“We are deeply distressed by FDA’s decision to revoke the status of these ingredients as dietary supplements, which threatens future innovation, because by doing so, they’ve flipped the script on how drug preclusion is supposed to work, leaving all parties—manufacturers, retailers and consumers—in a sort of regulatory limbo going forward,” Mister said. “Without a reexamination of FDA’s position, and guidance that lends clarity and predictability to the process, manufacturers are discouraged from continued innovation of new ingredients, and retailers are not sure whether they should, or are able to, continue to make these products available to the public for fear of selling ‘illegal’ supplements.”

Olsen agreed that removing an ingredient has a significant and concerning impact on innovation, adding that "companies that have the ingredients on the market that have met the race to market against any drug approvals or drug investigation have a reason to be concerned as well."

Consistency, balance and guidance

Olsen said the citizen petition has a couple goals in mind: “We are asking for FDA to reconsider its position on a number of interpretations of drug preclusion—IND preclusion date in particular, and we really hope that FDA would look at their record for interpreting drug preclusions. The concerns we've pointed out with inconsistency, and we hope they can clarify their positions in a way that is fair, consistent and meets the purpose that Congress set out for DSHEA and use of drug preclusion in particular.”

“With drug preclusion, Congress wanted to put in some limited controls to help ensure that a bad actor didn't try to put a supplement on the market, essentially as a way to get around the drug approval process, and they didn't want to unfairly limit and disincentivize drug research, but there are ways to ensure that consumers can have access to both ingredients. And our petition really lays that out, that this is about certainty for supplement companies and access and certainty for consumers,” she said.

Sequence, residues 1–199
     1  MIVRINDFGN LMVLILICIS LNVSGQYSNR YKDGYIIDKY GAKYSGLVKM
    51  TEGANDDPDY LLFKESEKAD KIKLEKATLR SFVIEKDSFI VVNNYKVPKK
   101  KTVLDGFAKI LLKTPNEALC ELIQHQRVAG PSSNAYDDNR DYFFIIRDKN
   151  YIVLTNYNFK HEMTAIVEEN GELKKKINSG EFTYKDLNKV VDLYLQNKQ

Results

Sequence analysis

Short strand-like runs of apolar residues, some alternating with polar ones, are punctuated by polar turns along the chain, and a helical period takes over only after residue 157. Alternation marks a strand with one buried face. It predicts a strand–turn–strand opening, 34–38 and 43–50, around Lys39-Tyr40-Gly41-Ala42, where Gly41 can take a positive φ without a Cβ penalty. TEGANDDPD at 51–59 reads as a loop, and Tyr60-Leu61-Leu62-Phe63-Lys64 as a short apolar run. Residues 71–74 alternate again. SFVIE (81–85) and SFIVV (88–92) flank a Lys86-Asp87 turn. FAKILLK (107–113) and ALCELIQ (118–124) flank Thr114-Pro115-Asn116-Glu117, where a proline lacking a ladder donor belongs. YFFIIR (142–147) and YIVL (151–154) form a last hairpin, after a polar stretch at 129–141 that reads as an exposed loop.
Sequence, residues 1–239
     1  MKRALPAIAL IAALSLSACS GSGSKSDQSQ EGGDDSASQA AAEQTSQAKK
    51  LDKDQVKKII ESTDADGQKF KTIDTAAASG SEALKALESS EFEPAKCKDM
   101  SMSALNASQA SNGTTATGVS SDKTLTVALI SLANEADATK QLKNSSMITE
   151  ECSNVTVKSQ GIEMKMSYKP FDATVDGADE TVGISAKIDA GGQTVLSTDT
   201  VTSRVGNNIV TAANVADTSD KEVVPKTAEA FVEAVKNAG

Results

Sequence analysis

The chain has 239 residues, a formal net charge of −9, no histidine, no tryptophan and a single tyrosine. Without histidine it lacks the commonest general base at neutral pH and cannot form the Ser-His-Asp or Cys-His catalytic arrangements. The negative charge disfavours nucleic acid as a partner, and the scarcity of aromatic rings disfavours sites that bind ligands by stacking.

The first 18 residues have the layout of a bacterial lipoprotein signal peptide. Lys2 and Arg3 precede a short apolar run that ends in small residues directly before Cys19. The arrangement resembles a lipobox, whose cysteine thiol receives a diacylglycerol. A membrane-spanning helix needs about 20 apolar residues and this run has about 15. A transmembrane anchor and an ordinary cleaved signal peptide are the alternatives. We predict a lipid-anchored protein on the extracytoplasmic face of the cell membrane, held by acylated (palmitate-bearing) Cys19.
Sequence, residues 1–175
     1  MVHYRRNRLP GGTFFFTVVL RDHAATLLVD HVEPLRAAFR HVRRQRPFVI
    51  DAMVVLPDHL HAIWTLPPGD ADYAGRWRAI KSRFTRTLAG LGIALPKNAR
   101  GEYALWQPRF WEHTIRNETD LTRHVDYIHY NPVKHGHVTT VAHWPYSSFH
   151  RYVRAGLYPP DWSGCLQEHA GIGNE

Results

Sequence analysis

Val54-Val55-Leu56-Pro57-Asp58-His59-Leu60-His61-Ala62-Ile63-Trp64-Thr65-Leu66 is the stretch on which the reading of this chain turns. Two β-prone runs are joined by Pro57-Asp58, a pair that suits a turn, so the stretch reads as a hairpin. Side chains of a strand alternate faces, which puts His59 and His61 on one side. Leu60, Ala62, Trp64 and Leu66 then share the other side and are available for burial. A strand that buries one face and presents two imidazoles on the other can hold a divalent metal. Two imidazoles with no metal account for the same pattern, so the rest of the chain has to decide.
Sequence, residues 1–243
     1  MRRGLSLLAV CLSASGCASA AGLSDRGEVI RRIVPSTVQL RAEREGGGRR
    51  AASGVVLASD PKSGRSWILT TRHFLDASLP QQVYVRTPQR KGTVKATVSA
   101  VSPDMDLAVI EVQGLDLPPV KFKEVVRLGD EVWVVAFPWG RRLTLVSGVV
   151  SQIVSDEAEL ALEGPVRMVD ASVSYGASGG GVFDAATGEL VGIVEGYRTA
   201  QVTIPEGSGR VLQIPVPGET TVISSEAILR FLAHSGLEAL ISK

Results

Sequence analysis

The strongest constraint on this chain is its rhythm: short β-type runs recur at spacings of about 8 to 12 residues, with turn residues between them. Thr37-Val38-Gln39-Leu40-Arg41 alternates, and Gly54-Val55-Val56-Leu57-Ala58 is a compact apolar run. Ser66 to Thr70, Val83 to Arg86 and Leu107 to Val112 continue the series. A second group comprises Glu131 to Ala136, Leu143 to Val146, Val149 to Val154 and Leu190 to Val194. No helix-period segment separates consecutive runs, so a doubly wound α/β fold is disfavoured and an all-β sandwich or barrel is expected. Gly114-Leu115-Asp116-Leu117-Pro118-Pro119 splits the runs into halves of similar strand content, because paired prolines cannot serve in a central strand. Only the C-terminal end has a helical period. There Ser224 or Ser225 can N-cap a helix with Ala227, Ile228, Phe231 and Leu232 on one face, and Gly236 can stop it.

FDA has 180 days to answer the petition, but Olsen said that the answer provided within that period does not have to be substantive.

“We would hope they would, but unfortunately and historically, FDA tends to kick the can down the road by indicating that they're continuing to review and likely will need additional resources to provide an answer or it's just not something the agency is willing to dedicate resources to at the time. So it's really anyone's guess as to what we might see with regard to a response from FDA.”

Pressure applied 

While the petition may not lead to an immediate response, Olsen said the petition does raise awareness within the industry, in Congress and among consumers.

“So not only do we intend to continue to put pressure on FDA to answer these questions, move forward with the rulemaking process as they promised with NAC, for example, but this is just another way that we can work with allies in Congress and stakeholders," she added. "We know that one member of Congress has already called on hearings about drug preclusion and so we know this is something that they're interested in. And really what our citizen petition does is help lay out our concerns and arguments to FDA, it's also a document that can be used with stakeholders in Congress to help them understand the real problems here that have been caused by FDA’s interpretation.”